“They don’t have to have a cookie-cutter image anymore,” Goodwill said. “Guys like Michael Jordan met the masses where they were. Today, the media has to meet the players where they are.”
Business was changing. Rappers found themselves surrounded by athletes. Athletes surrounded by rappers. Both envious of what the other one got to do every day. Kobe Bryant tried to rap, including his own song featuring Tyra Banks and a guest appearance on a Brian McKnight track. Shaquille O’Neal is the most prolific rapper to come out of the basketball ranks with multiple albums and some significant support from other rappers. Iverson, Ron Artest and Chris Webber all have tried.
Master P tried out for two NBA teams during the rapid rise and fall of his sports management company, No Limit Sports–the first entrant into what now seems a growing trend of rappers looking to get into the sports world on the business side–in the late 90s-early 2000s. No Limit Sports ended up a failure but it made enough of a dent that later Jay-Z’s Roc Nation Sports was able to learn from No Limit’s mistakes to become a truly impactful agency.
Like NASCAR with heavy metal and horse racing with country, different sports are synonymous with different genres of music. Hip-hop chose the NBA. The on-court product became more and more reminiscent of rap videos. Tattoos splattered on the skin of Black and White players, bravado screamed at opponents and strangers within earshot. Cornrows lined athletes’ heads. The NBA’s league office cringed at its league, needing to corral hip-hop’s influence without alienating that demographic and the players that associate with it.
The NBA was not alone in this cultural shockwave, it just happened to dive in deeper than any other league. Black athletes were not the only ones to be engulfed in the phenomenon, either. Recently, at Texas A&M, Johnny Manziel created a persona oozing with hip-hop undertones. On the surface, it was tweeting Big Sean lyrics and associations with Rick Ross, Drake and other rappers. At its core, it was the way Manziel carried himself. The defiance. The swagger. The utter disregard for authority. His game screamed hip-hop, even if his skin complexion did not.
Tom Brady listens to Jay-Z before games. Tony Parker produced an album and multiple music videos. ESPN’s First Take seems to feature a rapper almost every week with Skip Bayless doing his best to look like he belongs in a conversation with the likes of 2 Chainz and Wale.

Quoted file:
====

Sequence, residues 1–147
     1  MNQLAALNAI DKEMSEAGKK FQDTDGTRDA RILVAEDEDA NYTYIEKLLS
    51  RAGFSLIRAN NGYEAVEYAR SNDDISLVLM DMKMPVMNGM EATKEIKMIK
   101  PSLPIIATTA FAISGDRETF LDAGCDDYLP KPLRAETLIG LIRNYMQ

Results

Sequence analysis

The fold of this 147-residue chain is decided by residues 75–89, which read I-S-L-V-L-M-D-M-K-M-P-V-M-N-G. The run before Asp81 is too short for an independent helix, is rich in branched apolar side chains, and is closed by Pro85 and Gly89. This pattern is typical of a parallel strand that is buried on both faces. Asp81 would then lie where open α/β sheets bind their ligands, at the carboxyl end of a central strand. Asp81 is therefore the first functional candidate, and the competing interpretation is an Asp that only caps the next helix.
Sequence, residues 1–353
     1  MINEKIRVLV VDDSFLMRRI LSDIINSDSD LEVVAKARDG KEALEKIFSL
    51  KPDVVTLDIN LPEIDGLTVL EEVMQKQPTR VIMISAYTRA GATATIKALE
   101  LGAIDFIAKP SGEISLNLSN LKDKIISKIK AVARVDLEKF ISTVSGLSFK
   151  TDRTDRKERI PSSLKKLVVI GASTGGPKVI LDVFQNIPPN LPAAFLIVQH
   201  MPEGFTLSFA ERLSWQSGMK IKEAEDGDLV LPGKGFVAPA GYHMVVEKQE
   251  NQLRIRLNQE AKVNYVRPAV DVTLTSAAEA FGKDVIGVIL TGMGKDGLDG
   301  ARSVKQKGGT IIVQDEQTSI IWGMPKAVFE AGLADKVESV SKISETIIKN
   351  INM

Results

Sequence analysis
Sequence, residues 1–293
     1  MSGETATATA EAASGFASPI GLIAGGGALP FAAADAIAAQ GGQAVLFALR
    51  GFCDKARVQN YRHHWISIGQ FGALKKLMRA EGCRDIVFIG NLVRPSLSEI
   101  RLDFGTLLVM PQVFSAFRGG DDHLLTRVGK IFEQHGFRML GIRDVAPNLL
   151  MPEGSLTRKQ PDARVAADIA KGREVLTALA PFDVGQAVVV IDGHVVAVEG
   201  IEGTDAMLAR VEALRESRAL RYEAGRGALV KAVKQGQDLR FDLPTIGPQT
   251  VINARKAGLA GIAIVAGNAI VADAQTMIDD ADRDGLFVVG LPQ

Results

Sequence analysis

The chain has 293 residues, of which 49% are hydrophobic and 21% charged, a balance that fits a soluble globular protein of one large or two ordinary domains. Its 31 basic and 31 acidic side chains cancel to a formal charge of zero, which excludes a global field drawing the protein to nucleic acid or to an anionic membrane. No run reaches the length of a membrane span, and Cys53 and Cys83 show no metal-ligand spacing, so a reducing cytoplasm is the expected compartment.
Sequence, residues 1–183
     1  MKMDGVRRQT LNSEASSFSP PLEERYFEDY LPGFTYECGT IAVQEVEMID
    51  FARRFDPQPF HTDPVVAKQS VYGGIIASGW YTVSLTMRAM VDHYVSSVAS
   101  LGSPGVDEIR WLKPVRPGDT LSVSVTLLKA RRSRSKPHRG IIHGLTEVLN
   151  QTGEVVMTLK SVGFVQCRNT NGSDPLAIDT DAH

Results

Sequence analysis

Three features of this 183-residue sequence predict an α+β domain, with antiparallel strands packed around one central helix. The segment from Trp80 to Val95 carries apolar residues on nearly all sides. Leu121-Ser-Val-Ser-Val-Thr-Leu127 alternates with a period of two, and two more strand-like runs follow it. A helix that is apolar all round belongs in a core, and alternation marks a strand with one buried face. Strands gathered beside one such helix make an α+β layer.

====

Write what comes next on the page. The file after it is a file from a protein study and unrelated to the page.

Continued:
“One way you can tell how far-reaching hip-hop’s influence is in the places the athletes shop,” Harvey said. “Where I work in Cincinnati, there’s a hip-hop influenced apparel store that players on the Bengals and Reds often frequent. I can’t imagine you saw that type of overlap a generation ago when hip-hop began sweeping the country.”
The NBA thought its business was going to take a hit. Media pundits and naysayers thought the league was getting too Black, that the incestuous relationship with hip-hop was too risky of a business proposition. Jay-Z purchased an ownership stake in the Brooklyn Nets. The Toronto Raptors were nicknamed the Toronto Drakes. Each team grasped for some association with the culture that the league wrongfully thought would lead to its demise.
It was too easy to see the tattoos. Too easy to see the swag in their walks. Too easy to hear the incessant profanity. Too easy to feel the angst being released with every dunk, every foul, every crossover. The NBA let fans closer than anyone else. And these same fans routinely did not look like the athletes they came to see. The league worried that this was a problem and tried instituting a dress code to help ease the personal conduct of its players. Executives did everything they could to overtly halt the ever-growing influence of hip-hop on their league.
“It’s interesting from a micro and macro level,” Goodwill said. “You see players now, you see them integrating the language more in regular interviews. They use language like ‘swag’, ‘turnt up’, and certain phrases that can only be associated with the genre. What it does to the mass media is make them come to their level, in a sense.”
When the primary color is green, everyone adjusts. The media has no stories without the athletes. Owners do not make money without the athletes. Leagues crumble and fall without the athletes. So taking their cultural identity in stride is par for the course. Even if that course is one ran by a generation of stars dripping with the remnants of a culture that defied all logic and gave a legion of young athletes an identity all their own.